Cyrus BinaTo say that oil figures prominently in the Middle East is to state the obvious. However, does this mean that the politics of imperialism in the region should be solely or mainly explained through attempts to gain control over oilfields and pipelines? That has certainly been the approach of much of the left in Britain and elsewhere. Noted US-based academic Cyrus Bina, author of The economics of the oil crisis, disagrees with such crude simplifications. Having studied the oil industry, international relations and global economics for many years, he has developed a sophisticated Marxist theory of the oil crisis, oil rent, and monopoly and competition in the oil industry. Here, in this short, representative, article, first published in 2004, he makes a convincing case that the US under George W Bush was not concerned with obtaining direct control over oilfields.1 With the ongoing US-UK campaign to impose tougher sanctions on Iran, including its huge oil industry, plans for regime change brought about from above and, failing that, a devastating military strike, the left urgently needs to correct past mistakes. Cyrus Bina is about to embark on a speaking tour of Britain that will include meetings in Manchester, Glasgow and London. In particular he will be addressing the November 28 annual general meeting of Hands Off the People of Iran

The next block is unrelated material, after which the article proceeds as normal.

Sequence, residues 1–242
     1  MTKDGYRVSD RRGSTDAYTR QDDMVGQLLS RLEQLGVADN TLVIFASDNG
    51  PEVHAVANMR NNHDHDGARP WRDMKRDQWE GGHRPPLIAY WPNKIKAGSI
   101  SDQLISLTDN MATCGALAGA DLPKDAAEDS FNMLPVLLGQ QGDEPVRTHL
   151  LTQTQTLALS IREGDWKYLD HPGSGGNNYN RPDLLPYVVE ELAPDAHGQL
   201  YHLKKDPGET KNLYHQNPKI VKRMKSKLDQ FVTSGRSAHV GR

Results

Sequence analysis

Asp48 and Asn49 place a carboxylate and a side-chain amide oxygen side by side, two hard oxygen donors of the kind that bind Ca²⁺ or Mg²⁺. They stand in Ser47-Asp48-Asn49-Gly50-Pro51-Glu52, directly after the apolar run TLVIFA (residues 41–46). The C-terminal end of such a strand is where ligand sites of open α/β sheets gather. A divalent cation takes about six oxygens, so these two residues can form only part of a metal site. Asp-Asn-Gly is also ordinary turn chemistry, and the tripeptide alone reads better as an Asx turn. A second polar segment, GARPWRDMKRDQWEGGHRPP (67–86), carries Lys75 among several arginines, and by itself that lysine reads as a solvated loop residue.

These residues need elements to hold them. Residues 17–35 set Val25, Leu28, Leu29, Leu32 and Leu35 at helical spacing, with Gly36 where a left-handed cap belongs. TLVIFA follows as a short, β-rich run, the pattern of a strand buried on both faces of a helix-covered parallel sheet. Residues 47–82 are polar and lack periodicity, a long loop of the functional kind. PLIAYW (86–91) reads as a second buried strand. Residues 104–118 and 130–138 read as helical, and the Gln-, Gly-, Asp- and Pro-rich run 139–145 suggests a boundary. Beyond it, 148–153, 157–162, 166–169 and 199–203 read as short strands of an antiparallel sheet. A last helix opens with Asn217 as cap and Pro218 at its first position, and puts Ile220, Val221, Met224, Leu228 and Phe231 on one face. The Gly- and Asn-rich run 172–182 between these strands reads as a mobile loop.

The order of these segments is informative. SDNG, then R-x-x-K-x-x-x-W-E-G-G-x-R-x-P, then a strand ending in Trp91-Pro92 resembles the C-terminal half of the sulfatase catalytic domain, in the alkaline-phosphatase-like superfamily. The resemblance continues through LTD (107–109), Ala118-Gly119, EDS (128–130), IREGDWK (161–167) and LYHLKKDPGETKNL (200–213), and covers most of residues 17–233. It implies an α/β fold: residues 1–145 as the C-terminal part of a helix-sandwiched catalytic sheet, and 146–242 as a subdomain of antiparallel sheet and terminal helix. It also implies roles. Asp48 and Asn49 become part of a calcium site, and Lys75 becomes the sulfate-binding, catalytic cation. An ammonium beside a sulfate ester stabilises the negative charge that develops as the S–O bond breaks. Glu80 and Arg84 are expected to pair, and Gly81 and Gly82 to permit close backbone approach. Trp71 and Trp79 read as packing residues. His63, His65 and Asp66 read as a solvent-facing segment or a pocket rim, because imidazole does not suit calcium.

Saddam Hussein was an ideal enemy and Iraq was an easy target. Iraq had already lost nearly two thirds of its forces and more than 80% of its infrastructure and civil society in the 1990-91 Gulf War and, if that was not enough, it was subjected to frequent American and British bombings, along with nearly 12 years of stringent sanctions. The war against a weak symbolic enemy seemed inevitable.2

In the May 12 2003 issue of The Nation, there appeared a tiny piece entitled, ‘It’s the oil, stupid’, by Michael T Klare, who – like much of the majority of the popular left – is obsessed with oil in connection with the deceitful invasion of Iraq by the Bush administration.

To be sure, the motivation of the Cheney-Wolfowitz gang and the impeachable actions of the president himself all point in the direction of personal gain. Similarly, the fact of the transfer of tens of billions of dollars from the public coffers to the willing hands of a handful of favourite companies that were readily chosen as the beneficiary of this destructive creation is beyond dispute. Yet, to be worthy of analysis, one needs to be brave enough to go beyond surface phenomena in order to grasp the complexities associated with deeper epochal understanding of this bizarre tragedy.